I’ve got other examples but really it seems that guild should not outlive it guild master. If the group becomes dis-satisfied with the guild master then it really is a different group of people or someone stole the guild master account. A guild is a group of people who have a common purpose. The shared banks and houses those should be an extension of the guild master but then people will still want to steal that account to loot it. Smarter developers than me need to figure out a better system. 
    smarter is applied intelligence to a certain concept. solving that issue clearly would prove they are smarted every one else who has tried to solve the issue.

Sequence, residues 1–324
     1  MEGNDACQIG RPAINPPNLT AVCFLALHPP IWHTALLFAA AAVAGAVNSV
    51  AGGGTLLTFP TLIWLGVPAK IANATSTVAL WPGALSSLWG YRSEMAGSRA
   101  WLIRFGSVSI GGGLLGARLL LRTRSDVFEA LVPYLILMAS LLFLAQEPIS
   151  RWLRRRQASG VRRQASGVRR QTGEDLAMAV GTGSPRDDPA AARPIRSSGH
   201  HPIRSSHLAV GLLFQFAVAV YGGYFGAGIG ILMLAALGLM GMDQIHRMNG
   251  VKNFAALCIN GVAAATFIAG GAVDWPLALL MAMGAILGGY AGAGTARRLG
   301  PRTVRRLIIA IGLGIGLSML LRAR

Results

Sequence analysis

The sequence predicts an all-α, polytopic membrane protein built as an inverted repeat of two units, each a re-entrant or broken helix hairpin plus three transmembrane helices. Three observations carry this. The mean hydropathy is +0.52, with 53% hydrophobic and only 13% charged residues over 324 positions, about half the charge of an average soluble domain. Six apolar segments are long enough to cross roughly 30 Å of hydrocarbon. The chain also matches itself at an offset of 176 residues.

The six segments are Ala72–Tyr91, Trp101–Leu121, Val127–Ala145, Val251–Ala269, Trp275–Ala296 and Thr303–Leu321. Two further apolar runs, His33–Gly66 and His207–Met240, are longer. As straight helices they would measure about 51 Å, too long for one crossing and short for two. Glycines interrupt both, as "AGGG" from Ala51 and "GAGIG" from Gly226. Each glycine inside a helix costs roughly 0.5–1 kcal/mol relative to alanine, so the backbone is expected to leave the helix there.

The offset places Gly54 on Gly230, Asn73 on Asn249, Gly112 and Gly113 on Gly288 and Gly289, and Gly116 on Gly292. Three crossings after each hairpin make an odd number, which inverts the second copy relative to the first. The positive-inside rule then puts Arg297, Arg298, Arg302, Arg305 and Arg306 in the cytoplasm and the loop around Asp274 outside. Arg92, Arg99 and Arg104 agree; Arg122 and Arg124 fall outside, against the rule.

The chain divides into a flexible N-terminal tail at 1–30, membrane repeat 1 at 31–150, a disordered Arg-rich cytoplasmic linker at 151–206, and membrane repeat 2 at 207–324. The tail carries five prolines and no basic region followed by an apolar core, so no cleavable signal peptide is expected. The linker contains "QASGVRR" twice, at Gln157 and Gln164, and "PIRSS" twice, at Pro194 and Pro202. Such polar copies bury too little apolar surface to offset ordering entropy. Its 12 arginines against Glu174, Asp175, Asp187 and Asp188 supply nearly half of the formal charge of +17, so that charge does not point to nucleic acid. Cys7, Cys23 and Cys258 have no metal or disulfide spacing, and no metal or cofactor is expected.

ManastuUtakata
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ManastuUtakata

Peregrine_Falcon Karl_Hungus 
….

Karl_Hungus
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Karl_Hungus

paragonlostinspace Karl_Hungus ManastuUtakata 
American politics has replaced the Ringling Brothers Circus as the Greatest Show on Earth… and that’s not a compliment.

BloodEagle
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BloodEagle

BryanCo BloodEagle That is something we have always battled against. We have people that join us in a game and they really love the game and stick with it as possibly their only game. If/When the core of the guild moves to another, newer/shinier, game, I always attempt to find someone who is passionate and plans on staying to run that branch but it sadly has never worked for the long term. Many people are happy being in a guild but most do not want the responsibility of being in charge, which I understand. Because of this looking for a branch leader that will stick around and continue the legacy of your organization is its own hill to climb.